New Central Suppliers Database Registration

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All existing and prospective service providers/creditors to the Nelson Mandela Bay Municipality are hereby notified that, with effect from 1 July 2016, the municipal (NMBM) suppliers’ database, on which they may already be registered, will cease to be operative and an electronic Central Suppliers Database (CSD), developed by National Treasury, will be implemented. Accordingly, to be able to do business with the Nelson Mandela Bay Municipality from 1 July 2016, all existing or prospective suppliers or creditors of the Nelson Mandela Bay Municipality are required to register on this Central Suppliers Database (Note: Only providers registered on the National Treasury CSD will be regarded as verified providers by the Nelson Mandela Bay Municipality).

The implementation of this Central Suppliers Database is motivated on the desire to reduce duplication of effort and cost for both business and government. Registering is to be done through self-registering on the CSD website. In the self-registering process, the National Treasury CSD will verify the following information from suppliers/creditors: (1) Business registration (including details of directorship); (2) Bank account holder information; (3) Employees in the service of the state (National and Provincial); (4) Tax compliance status (5); Directors’/Members’ identity details (6) Tender defaulting and restriction status.

Note, however, that the following cannot yet be automatically verified by the National Treasury CSD and must therefore be sent to the Nelson Mandela Bay Municipality’s Supply Chain Management (SCM) Compliance Office for verification purposes (the Municipality will receive daily updates on all successful applications for registration on the CSD website):

* Municipal Billing Clearance Certificate * National Home Builders Registration Council (NHBRC) Certificate * Construction Industry Development Board (CIDB) Construction Registers Service (CSR) status and * Broad-Based Black Economic Empowerment (BBBEE) Certificate
The above must either be hand delivered or couriered to the following offices (note that this documentation must be accompanied by a completed NMBM Suppliers Verification Form, obtainable from the NMBM website ( – go to “Public Notices”) or from the offices below):

The Supply Chain Management Compliance Office, Harrower Road Depot, corner of Buxton Avenue and Harrower Road, North End, Port Elizabeth


The Supply Chain Management Compliance Office, Budget and Treasury Customer Care office, ground floor, Town Hall Building, Market Street, Uitenhage

For more details, please contact the NMBM Database Administrator, tel. 041 506 3274/3266; Fax: 0865144305 ; email:

Consumers face shock 25% power price hike

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BATTERED consumers in municipalities across the country could face a further shock 25 per cent hike in the price of electricity.

In a circular last week, the national treasury advised municipalities to factor in a 25% rise in the cost of purchasing electricity from Eskom in preparing their budgets, although it stressed that the National Electricity Regulator of South Africa (Nersa) had yet to rule on what increase it would award the power utility.

Last year, Eskom was awarded an increase of 36%, of which 30% was passed on by the Nelson Mandela Bay municipality to residents.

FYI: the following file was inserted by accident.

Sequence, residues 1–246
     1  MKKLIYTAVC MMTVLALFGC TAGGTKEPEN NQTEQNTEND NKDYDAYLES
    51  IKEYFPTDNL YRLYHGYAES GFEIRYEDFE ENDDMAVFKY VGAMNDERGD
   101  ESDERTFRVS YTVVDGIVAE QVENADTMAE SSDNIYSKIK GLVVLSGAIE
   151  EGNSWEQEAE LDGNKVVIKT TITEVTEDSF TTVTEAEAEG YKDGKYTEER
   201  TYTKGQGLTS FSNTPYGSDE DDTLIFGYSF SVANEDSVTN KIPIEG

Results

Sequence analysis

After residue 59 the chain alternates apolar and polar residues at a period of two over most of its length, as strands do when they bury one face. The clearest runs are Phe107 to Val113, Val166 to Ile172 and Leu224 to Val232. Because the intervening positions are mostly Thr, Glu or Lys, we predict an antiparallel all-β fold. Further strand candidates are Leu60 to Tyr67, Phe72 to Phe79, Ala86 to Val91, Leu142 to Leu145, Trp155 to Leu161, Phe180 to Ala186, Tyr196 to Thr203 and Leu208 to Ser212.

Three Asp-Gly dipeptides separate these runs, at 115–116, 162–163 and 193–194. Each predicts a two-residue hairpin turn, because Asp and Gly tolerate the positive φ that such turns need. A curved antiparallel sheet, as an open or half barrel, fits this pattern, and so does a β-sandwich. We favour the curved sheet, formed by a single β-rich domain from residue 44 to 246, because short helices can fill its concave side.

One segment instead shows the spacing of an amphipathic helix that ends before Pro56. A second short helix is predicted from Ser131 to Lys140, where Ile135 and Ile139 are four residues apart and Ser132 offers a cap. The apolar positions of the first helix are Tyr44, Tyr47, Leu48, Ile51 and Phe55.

Indigent households which qualified for the council‘s Assistance To The Poor programme were handed a 14,2% increase.

Eskom needs the tariff increase to contribute to the financing of its capital expansion programme.

The circular warns local authorities that in considering changes in property rates they should “take cognisance of local economic conditions such as the downturn in the property market, trends in household incomes and unemployment. Excessive increases in property rates and other tariffs are likely to be counterproductive, resulting in high levels of non-payment and increased bad debts”.

The national treasury requires the municipalities to justify all increases in excess of the 6% upper inflation target of the Reserve Bank. The circular states that given the current economic crisis, municipalities will be faced with some “very tough decisions” when preparing their 2009/10 budgets, adding that they must give priority to:

Managing all revenue streams, especially debtors;

Protecting the poor from the worst impacts of the economic downturn;

Supporting local economic development initiatives “that foster micro and small business opportunities and job creation”;

Securing the health of their asset base in increasing spending on repairs and maintenance; and

Speeding up spending on capital projects funded by conditional grants.

“Municipalities must pay special attention to eliminating all unnecessary spending on nice-to-have items and non-essential activities,” the circular states, adding that Finance Minister Trevor Manuel had noted in his budget speech that there was “insufficient control of foreign travel, advertising and public relations activities as well as consulting services”.

With regard to the fuel levy allocation that will replace the regional services council levy that was halted in 2006, the circular states that the sharing of the general fuel levy will be regulated in terms of the Taxation Laws Amendment Bill. This piece of legislation is expected to be passed in September this year.

At that stage the specific allocation for each metro will be released, although information on provisional allocations will be given to metros this month to allow them to budget for the next financial year.

The amount allocated is based on fuel sales in each metro and the amount that Nelson Mandela Bay is expected to receive is not likely to differ dramatically from what it gained through regional services council levies.

source: The Herald